by Jeralyn on Fri Feb 15, 2008 at 08:36:59 PM EST
    who pulled it out for her in California.

    Well, plus Huerta. But this was a (none / 0) (#10)
    by oculus on Fri Feb 15, 2008 at 08:41:39 PM EST
    Caucasian male political professional.

    The MSM talk of how latinos and blacks are (none / 0) (#3)
    by Florida Resident on Fri Feb 15, 2008 at 08:20:57 PM EST
    against each other is no help to either campaign.  The biggest problem with wether you have the Latino vote there in GE is that the hispanics in the SW are disenfranchised as much as AA community is in the SE that is one of the reason whoever is the nominee needs to be vigilant and mobilization of the base is key in both the SE and the SW.

    Burnt Orange (none / 0) (#6)
    by jdj on Fri Feb 15, 2008 at 08:25:01 PM EST
    Has some interesting thoughts on TX.

    The way it is broken up does favor Obama, at least as they see it.

    Simply cannot wait (none / 0) (#13)
    by Hypatias Father on Fri Feb 15, 2008 at 08:45:46 PM EST
    until the Clinton/Obama debate.  Today I took an online Implicit Association Test from edge.org that revealed that (unconsciously)I have slightly more positive feelings toward Clinton than Obama.  This surprised me.  If anyone else has taken this test, please share the results.  Were they what you expected?

    Many Texans will be waiting to make final decisions until after the debate.

    ok (none / 0) (#20)
    by ding7777 on Fri Feb 15, 2008 at 09:11:18 PM EST
    Hillary - positive
    Obama - neutral
    McCain - negative

    and a big surpise - Huckabee was positive


    Huckabee (none / 0) (#23)
    by Hypatias Father on Fri Feb 15, 2008 at 09:18:00 PM EST
    was strangely positive (but only just so) for me, too.  I can't quite explain that.

    As far as Obama/Clinton comparison goes...  I have always framed my indecision over whom to offer full support to in terms of my heart (Obama) vs. my head (Clinton).  What this little cognitive test showed me was that I actually had it backwards.  My heart is for Hillary.  But my head...


    That may indicate you need a booster shot (none / 0) (#24)
    by RalphB on Fri Feb 15, 2008 at 09:19:25 PM EST
    of kool-aid  :-)   Good to see the Texas party has handled the debate in such a marvelous way.  Only 100 tickets to be given out in some kind of raffle/lottery or some such garbage.  

    I know there's a boatload of complaints about it, but don't know if they'll matter.  The fat cats have their seats and that's probably all that matters.

    Texas Democratic Party,  the party of 'some people'.


    And here I thought (none / 0) (#28)
    by Hypatias Father on Fri Feb 15, 2008 at 09:30:18 PM EST
    myself as more of a Tang drinker.

    I hadn't heard about there only being 100 tickets, and I only know that it's in Austin.  But, I am going with many friends to one of several large DFW-area TV viewings of the debate.  Seeing that it's at a pub, there won't be Tang or Kool-aid, so I may be forced to sample the local fermented fare instead.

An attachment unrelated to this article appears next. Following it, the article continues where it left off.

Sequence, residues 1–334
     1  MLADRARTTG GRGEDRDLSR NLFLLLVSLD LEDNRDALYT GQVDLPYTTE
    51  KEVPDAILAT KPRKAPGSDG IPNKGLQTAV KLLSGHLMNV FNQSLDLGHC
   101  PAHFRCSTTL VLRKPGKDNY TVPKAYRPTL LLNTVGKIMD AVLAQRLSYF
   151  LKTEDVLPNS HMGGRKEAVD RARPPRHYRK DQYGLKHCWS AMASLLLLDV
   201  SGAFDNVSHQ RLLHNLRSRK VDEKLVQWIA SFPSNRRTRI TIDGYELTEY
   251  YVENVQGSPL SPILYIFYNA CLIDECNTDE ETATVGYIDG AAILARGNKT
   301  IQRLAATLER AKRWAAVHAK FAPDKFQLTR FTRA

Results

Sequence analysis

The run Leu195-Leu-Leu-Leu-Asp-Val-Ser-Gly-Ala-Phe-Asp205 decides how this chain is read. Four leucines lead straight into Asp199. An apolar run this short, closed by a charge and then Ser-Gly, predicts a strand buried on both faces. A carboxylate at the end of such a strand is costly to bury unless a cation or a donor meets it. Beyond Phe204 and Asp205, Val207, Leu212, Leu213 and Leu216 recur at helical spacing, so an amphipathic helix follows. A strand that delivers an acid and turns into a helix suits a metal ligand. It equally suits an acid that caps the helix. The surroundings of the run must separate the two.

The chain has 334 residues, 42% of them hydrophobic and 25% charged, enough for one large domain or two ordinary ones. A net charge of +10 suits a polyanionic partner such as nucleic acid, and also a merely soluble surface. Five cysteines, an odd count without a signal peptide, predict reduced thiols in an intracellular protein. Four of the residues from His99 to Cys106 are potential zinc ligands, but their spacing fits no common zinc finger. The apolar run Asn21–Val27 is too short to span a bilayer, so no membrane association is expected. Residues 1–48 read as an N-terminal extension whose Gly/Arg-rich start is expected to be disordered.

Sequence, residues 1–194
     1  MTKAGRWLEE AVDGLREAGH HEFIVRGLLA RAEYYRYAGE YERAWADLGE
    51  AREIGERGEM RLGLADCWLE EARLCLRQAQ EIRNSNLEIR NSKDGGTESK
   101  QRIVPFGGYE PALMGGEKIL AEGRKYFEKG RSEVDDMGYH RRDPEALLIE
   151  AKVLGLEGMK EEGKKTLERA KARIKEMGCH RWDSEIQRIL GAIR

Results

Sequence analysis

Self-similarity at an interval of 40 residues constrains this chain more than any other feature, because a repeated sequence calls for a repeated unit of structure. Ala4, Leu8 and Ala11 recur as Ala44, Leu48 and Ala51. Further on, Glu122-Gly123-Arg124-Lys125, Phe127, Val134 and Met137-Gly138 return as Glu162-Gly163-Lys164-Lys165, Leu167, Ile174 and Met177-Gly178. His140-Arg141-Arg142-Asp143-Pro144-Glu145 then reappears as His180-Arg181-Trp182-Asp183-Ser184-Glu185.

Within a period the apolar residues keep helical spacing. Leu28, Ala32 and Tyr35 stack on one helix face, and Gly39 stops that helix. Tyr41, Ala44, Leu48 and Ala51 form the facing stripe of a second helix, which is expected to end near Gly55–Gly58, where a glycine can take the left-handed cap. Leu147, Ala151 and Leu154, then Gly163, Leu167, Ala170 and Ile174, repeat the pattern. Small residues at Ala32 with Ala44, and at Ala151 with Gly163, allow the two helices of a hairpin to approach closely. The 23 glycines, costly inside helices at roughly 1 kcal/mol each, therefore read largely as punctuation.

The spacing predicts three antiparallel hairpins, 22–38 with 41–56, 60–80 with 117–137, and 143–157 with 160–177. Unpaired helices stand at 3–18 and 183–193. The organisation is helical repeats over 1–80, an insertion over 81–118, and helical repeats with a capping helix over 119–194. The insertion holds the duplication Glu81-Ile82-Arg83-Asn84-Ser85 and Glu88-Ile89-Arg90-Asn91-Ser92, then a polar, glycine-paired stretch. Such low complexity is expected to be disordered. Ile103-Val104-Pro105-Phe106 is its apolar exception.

ok (none / 0) (#27)
    by Polkan on Fri Feb 15, 2008 at 09:24:39 PM EST
    Hillary - positive
    Huckabee, McCain - neutral
    Obama - negative

    Does this test really work


    The test is too young (none / 0) (#29)
    by Hypatias Father on Fri Feb 15, 2008 at 09:32:24 PM EST
    to be validated as of yet, but the developers are real cognitive scientists.  And their previous Implicit Association Tests have had very strong validation.

    Took the IAT (none / 0) (#30)
    by Florida Resident on Fri Feb 15, 2008 at 09:36:16 PM EST
    Clinton Obama near each other at the top Clinton a slight advantage.  McCain very near the Bottom. Huckabee in the bottom.

    Took the real Greenwald test... (none / 0) (#32)
    by SandyK on Fri Feb 15, 2008 at 09:43:44 PM EST
    and in the 4% that actually moderately favor Blacks. Not surprised, they are my neighbors! lol

    But I won't vote for Obama even if he's the Dem choice for president. Too green to give the keys to the kingdom to him -- and his social spending is going to be much worse than Bush's war spending. The Traditional conservative in me just can't give a green light to increased spending (and borrowing capital from China to pay for it). If I have to balance my check book every month or goto jail, congress and the president need to do the same.


    I just find (none / 0) (#33)
    by Hypatias Father on Fri Feb 15, 2008 at 09:51:59 PM EST
    this kind of sentiment absolutely inscrutable.  I am a Democrat through and through.  Progressive, liberal, whatever you want to call it, and I have to have faith that more of us will be happy to vote for either Clinton or Obama over McCain.  

    If you're just voting for party... (none / 0) (#34)
    by SandyK on Fri Feb 15, 2008 at 10:03:07 PM EST
    that's your thing.

    But I vote on principles. I'll crossover when necessary, as I'm not a party member. Not one to follow the crowd, nor be browbeat to vote for "loyalty".